With a Paddle

Still waters run deep: Sean Watkins (from left), Sara Watkins and Chris Thile are Nickel Creek.
John Chiasson

It's no wonder that roots-music traditionalists don't quite know how to take Chris Thile.

Still in his early twenties, Thile is a mandolin maestro fully capable of limning acoustic classics note for note -- yet he wants his group, Nickel Creek, to be known for more than gifted mimicry. Over the course of two brisk-selling discs on the Sugar Hill imprint (2000's Nickel Creek and last year's This Side), he and sibling bandmates Sean and Sara Watkins have proven that bluegrass isn't just for grandparents anymore. Along the way, Thile's earned a reputation for frankness that's definitely deserved.

"In bluegrass, you have these bluegrass nazis who think there's bluegrass and then there's bad music. What is that? What is that?" he asks, his reedy voice rising with his passion. "It's so closed-minded, it's funny. I mean, how could you live your life listening to only one kind of music? Thinking that it's the true form of musical art, and all the others are just sort of painfully stabbing around in the dark?" He offers a grunt of exasperation before declaring, "I have no time for that."

The fervor of Thile's comments imply that he's an angry young picker eager to pillory the purists and knock the Americana genre off its creaky foundation. In truth, he's an exuberant force of nature with a robust sense of humor, an infectious laugh and few discernible anarchic tendencies. For instance, he notes, "We love traditional bluegrass, and we feel a major connection to it. The music is so powerful, and it has so much to offer; it's completely unique, extraordinarily unique." His affection for the form comes through strongly on the Nickel Creek platters and Thile's assorted side projects, the most recent of which is Into the Cauldron, a vibrant session that pairs him with fellow mandolin wiz Mike Marshall.

At the same time, Thile hates having limits placed on him. Drawing from influences as varied as pop, rock, classical and world music is something he likes doing, and he sees no reason to feel guilty about it. "If you're a good musician, you're not shutting yourself off from things," he stresses. "There are musicians of dubious quality who might, but that's probably why they're of dubious quality."

Despite his fairly recent vintage, Thile is a music veteran; he started strumming assorted stringed instruments as a child growing up in the San Diego area, and he has hardly stopped since. Nickel Creek's origins date back to that period, too. At age eight, Thile went with his family to an eatery called (really) That Pizza Place, which sponsored a weekly bluegrass night. There he met fellow music enthusiasts Sara, also eight, and Sean, twelve, and before long, the kids decided to team up under the supervision of Chris's dad, Scott Thile, who plays bass. Chris developed more quickly than Nickel Creek did, with Sugar Hill putting out his first album, 1994's Leading Off..., when he was a cherub-cheeked thirteen-year-old baseball enthusiast. (His second platter, the highly acclaimed Stealing Second, arrived in 1997, followed by 2001's Not All Who Wander are Lost.) Nickel Creek kept plugging away, however, winning a sizable following on the bluegrass circuit prior to making its own recording debut.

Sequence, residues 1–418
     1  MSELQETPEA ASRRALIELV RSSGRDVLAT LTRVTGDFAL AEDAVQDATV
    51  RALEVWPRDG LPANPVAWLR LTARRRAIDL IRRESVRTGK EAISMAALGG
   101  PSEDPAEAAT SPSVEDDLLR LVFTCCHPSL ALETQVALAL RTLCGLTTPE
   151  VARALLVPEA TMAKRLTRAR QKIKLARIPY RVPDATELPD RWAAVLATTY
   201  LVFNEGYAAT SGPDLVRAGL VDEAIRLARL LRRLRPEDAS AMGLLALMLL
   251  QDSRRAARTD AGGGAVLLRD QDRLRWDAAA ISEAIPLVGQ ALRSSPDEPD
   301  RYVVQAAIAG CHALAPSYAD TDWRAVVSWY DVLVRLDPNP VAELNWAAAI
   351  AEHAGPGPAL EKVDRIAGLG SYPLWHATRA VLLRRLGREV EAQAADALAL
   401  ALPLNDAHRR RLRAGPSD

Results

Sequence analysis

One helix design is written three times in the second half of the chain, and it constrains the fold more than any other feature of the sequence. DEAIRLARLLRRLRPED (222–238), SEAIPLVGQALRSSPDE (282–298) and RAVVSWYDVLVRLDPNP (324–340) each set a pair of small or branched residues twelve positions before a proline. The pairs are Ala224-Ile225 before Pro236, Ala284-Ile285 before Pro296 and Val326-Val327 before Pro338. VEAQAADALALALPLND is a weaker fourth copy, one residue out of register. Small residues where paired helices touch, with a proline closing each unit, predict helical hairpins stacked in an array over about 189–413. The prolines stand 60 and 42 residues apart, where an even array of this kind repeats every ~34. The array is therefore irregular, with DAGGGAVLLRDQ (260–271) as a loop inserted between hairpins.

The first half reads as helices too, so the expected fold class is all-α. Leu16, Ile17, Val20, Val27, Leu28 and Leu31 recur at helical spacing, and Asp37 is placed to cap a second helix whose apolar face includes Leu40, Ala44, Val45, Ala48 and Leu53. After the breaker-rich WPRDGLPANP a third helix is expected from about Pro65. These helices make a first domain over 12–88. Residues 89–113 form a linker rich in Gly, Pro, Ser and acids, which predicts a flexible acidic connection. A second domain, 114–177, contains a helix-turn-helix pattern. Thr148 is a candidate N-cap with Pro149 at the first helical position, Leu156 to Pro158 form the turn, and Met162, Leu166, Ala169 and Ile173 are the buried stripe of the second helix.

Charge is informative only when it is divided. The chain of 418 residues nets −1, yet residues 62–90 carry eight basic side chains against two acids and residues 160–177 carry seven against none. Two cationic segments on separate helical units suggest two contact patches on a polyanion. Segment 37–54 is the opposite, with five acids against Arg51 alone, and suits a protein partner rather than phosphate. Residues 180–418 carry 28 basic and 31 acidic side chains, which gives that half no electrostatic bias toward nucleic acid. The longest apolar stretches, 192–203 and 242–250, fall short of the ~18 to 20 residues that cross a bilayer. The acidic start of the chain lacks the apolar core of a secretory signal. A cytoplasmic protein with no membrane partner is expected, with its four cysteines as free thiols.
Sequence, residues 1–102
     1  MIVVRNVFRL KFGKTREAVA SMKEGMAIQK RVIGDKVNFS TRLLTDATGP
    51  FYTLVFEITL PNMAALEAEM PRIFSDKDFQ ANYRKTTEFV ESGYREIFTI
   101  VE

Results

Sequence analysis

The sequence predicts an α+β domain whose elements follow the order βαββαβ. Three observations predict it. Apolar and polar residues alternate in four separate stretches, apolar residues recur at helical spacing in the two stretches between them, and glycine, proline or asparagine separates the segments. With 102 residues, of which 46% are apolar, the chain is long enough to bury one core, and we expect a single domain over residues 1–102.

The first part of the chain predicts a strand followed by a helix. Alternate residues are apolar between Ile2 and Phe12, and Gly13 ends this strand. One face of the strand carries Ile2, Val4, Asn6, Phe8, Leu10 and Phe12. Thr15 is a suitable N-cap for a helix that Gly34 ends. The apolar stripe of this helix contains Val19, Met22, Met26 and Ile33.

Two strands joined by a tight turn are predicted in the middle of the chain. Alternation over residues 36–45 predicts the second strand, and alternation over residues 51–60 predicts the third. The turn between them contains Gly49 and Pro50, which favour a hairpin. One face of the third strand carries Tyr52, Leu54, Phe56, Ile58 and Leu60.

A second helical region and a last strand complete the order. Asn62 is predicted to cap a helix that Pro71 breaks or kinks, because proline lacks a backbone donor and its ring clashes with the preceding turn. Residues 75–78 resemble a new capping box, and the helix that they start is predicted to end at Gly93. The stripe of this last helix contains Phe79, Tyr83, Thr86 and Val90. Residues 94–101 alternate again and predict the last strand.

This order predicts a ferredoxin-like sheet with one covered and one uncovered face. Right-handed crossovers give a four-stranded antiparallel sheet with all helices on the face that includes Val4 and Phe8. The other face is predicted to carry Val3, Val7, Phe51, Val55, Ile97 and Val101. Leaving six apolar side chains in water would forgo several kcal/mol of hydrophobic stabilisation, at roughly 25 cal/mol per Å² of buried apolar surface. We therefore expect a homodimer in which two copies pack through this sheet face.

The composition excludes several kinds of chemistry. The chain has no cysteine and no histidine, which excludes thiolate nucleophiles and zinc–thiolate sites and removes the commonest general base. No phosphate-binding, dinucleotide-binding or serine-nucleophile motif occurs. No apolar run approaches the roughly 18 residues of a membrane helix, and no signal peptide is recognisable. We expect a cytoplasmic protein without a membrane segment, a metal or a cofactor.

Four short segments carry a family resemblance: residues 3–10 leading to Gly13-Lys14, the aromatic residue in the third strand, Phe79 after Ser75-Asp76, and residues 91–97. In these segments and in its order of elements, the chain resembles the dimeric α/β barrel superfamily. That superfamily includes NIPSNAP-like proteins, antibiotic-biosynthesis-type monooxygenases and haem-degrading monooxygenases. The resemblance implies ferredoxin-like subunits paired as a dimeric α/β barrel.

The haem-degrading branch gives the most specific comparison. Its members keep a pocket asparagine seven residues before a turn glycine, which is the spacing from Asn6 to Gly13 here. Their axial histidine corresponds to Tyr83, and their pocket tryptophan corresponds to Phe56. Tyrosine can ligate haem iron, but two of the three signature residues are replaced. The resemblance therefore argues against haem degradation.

This background suggests a kinship with the Jackson 5, another family band overseen by a musically ambitious father, but Thile is certain that Michael and company's tale was infinitely more dramatic. For one thing, Scott couldn't compare with Jackson patriarch Joe, a relentless taskmaster who drilled his children until they were a lean, mean entertainment machine. "We hit it pretty hard," Chris concedes, "but we were just as hard, if not harder, on ourselves than our parents were. Whatever our energy level was, they matched it, which was perfect." Moreover, the levels of fame achieved by the nascent combos were hardly equivalent: "I'd show up at a festival, and most of the people there would know who I was, and I'd get to sign autographs and have a great time. Then I'd leave and...nothing. To select people, I was a star, but to most of the world, it was more like, 'Who the heck is that guy?'

"Our Behind the Music would be the most boring freakin' episode ever," he adds. "None of us do any drugs or go around having affairs and crap -- and there's certainly no inter-romantic struggles or anything like that. It'd be incredibly dull, because we really just worked on our music. The first couple of years, we worked on bad music, but I'm sure it served a purpose. We were horrible, but we always strived to suck a little less every day."

By the time Nickel Creek hit stores, they didn't suck at all. Chris's virtuosity on the mandolin had been long established at that point, but he was ably supplemented by Sara, a skilled violinist and vocalist, and Sean, a guitarist and singer with plenty to say himself. (He has since put out a pair of well-received solo offerings, 2001's Let it Fall and this year's 26 Miles.) Produced by progressive-bluegrass queen Alison Krauss, the CD intersperses jaunty, lyric-free affairs such as "Ode to a Butterfly" and the Lord of the Rings nod "In the House of Tom Bombadil" with the likes of "Reasons Why," a lovely showcase for Sara's singing, and the emotionally rich "When You Come Back Down," co-written by Denver-scene graduate Tim O'Brien.